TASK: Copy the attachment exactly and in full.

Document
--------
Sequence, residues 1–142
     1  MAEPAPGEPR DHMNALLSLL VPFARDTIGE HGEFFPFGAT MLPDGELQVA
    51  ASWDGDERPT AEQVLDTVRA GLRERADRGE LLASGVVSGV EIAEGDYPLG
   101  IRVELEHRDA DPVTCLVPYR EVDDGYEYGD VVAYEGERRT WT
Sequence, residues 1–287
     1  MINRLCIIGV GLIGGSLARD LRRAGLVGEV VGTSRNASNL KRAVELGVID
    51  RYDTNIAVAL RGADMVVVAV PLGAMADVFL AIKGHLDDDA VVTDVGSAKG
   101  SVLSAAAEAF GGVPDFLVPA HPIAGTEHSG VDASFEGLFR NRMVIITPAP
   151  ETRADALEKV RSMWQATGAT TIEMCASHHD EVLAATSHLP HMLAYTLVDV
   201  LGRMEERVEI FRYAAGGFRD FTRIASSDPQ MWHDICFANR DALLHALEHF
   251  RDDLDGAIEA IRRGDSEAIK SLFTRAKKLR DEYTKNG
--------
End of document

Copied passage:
Sequence, residues 1–142
     1  MAEPAPGEPR DHMNALLSLL VPFARDTIGE HGEFFPFGAT MLPDGELQVA
    51  ASWDGDERPT AEQVLDTVRA GLRERADRGE LLASGVVSGV EIAEGDYPLG
   101  IRVELEHRDA DPVTCLVPYR EVDDGYEYGD VVAYEGERRT WT
Sequence, residues 1–287
     1  MINRLCIIGV GLIGGSLARD LRRAGLVGEV VGTSRNASNL KRAVELGVID
    51  RYDTNIAVAL RGADMVVVAV PLGAMADVFL AIKGHLDDDA VVTDVGSAKG
   101  SVLSAAAEAF GGVPDFLVPA HPIAGTEHSG VDASFEGLFR NRMVIITPAP
   151  ETRADALEKV RSMWQATGAT TIEMCASHHD EVLAATSHLP HMLAYTLVDV
   201  LGRMEERVEI FRYAAGGFRD FTRIASSDPQ MWHDICFANR DALLHALEHF
   251  RDDLDGAIEA IRRGDSEAIK SLFTRAKKLR DEYTKNG